Spread bets and CFDs are complex instruments and come with a high risk of losing money rapidly due to leverage. 69% of retail investor accounts lose money when spread betting and/or trading CFDs with this provider. You should consider whether you understand how spread bets, CFDs, OTC options or any of our other products work and whether you can afford to take the high risk of losing your money.

European markets edge higher as the Fed looms

European markets have undergone a modest rebound after yesterday’s negative start to the week, with the focus very much on tonight’s Federal Reserve interest rate decision, as well as tomorrow’s ECB meeting. Both central banks face an economy that is slowing, but where inflation is high, and unemployment at multiyear lows, and stress on the banking sector remains a very clear concern.


How they manage the messaging around these decisions over the next 24 hours is likely to dictate how much volatility we can expect to see between now and the end of the week.

On the plus side digital education Pearson has rebounded strongly after dropping sharply yesterday, after US peer Chegg warned ChatGPT AI chatbots could threaten its growth in homework digital help services.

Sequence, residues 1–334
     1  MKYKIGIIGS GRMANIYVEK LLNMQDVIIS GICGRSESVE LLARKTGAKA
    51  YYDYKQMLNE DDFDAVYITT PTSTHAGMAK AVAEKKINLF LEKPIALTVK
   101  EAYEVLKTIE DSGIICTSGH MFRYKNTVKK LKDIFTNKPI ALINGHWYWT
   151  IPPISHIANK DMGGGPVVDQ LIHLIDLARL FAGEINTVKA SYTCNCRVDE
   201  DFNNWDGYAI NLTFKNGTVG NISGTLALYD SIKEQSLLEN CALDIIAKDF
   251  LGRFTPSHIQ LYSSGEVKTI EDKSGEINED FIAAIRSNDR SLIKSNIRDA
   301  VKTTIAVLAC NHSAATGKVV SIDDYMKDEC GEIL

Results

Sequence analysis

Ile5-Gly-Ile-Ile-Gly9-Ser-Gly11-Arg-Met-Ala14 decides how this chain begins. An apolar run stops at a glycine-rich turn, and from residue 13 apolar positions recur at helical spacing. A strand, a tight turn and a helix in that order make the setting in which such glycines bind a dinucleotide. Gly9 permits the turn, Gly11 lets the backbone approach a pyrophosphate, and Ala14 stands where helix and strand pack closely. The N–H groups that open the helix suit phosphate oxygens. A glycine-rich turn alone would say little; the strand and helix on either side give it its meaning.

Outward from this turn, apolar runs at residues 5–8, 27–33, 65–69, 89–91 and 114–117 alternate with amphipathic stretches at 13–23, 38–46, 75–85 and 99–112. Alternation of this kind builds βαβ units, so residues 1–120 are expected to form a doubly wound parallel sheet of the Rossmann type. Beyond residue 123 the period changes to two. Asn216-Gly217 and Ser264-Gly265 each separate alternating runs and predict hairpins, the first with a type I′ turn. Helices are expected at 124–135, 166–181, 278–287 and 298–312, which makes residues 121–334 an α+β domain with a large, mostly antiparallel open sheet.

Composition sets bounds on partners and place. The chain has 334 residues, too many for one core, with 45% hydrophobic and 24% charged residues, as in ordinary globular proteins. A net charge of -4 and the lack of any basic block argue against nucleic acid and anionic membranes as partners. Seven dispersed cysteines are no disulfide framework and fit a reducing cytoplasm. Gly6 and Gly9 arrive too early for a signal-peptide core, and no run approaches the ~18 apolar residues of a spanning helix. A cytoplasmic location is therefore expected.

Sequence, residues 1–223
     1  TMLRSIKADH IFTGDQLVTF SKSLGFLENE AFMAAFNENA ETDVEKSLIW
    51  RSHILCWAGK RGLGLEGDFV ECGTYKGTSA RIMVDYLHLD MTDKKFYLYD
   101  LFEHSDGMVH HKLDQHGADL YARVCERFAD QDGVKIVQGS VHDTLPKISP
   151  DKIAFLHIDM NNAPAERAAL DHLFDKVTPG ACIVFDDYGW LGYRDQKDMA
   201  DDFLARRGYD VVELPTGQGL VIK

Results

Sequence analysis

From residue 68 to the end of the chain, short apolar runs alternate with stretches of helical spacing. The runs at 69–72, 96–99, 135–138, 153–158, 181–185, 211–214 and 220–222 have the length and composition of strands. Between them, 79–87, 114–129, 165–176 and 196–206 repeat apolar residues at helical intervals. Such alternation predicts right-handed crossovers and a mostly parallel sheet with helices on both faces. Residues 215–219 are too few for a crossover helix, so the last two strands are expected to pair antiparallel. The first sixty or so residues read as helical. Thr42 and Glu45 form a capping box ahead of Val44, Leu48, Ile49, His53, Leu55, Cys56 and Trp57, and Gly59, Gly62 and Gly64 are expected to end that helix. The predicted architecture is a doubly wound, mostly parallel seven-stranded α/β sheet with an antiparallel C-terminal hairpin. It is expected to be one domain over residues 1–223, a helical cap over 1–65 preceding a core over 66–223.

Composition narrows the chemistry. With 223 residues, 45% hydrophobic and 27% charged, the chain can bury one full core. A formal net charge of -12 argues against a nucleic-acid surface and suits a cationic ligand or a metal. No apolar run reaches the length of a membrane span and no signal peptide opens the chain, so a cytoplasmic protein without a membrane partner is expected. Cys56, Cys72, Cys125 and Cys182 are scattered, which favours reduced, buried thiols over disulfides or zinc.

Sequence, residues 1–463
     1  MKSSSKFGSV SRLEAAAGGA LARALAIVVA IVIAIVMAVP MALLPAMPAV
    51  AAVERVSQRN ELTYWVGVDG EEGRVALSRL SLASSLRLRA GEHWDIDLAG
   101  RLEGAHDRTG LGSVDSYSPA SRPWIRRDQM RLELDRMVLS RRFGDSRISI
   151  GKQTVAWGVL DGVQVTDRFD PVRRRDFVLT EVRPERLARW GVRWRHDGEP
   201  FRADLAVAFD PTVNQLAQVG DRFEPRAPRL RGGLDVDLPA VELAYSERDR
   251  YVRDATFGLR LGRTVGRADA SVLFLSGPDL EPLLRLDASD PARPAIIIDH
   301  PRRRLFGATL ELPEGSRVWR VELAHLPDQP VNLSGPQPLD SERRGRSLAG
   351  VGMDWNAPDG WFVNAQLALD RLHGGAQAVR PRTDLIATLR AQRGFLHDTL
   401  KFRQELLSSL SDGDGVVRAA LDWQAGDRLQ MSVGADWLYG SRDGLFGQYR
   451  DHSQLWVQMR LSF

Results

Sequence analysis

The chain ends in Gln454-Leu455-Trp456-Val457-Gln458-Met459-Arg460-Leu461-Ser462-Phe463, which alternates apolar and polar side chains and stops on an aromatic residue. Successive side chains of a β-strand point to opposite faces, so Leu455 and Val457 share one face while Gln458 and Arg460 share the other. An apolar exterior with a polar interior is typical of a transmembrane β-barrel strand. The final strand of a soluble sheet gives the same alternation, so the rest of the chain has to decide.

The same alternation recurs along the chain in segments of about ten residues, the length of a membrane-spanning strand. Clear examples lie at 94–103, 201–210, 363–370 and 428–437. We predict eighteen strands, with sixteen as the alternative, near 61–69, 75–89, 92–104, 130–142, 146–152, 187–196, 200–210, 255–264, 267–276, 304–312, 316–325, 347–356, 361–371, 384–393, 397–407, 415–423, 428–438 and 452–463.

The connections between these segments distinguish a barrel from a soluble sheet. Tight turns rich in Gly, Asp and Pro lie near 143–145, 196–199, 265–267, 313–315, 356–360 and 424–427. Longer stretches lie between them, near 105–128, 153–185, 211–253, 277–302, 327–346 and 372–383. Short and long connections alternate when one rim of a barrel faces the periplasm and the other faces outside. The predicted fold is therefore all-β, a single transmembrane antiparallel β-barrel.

The main headlines have been towards the downside with Haleonshares falling sharply despite a strong Q1 performance. Pre-tax profits came in at £542m, on revenues of £2.99bn, an increase of 9.9% on an adjusted basis. On guidance the company reiterated that it expects full year revenue growth of between 4% and 6%. Today’s weakness appears to be driven by reports that Pfizer is looking to start selling its 32% stake in the business according to CFO Dave Denton.

We’ve seen an underwhelming response to another solid set of numbers fromLloyds Banking Grouptoday even as Q1 profits came in ahead of expectations. Statutory profit pre-tax profits came in at £2.26bn, a £ 716m increase on the same quarter last year, on net income of £4.65bn.   

Net interest margin remained steady at 3.22% unchanged from Q4, and up from 2.68% in Q1 last year. The bank set aside a further £243m in respect of impairments, a modest increase from the £177m set aside in Q4, but well below the £465m set aside in Q1 last year.

It appears that, as with NatWest last week, there is disappointment that Lloyds kept full year guidance unchanged, despite the prospect of higher rates in the coming weeks and months.

While the disappointment may be understandable on one level, the caution does make sense given current events in the US, and the £8bn fall in the Lloyds deposit base over the last 12 months.

The upside to margins could be limited if UK banks have to raise rates paid to depositors to reinforce the stickiness of that base in an attempt to prevent that cash outflow, while higher rates also increase the risk of loan defaults.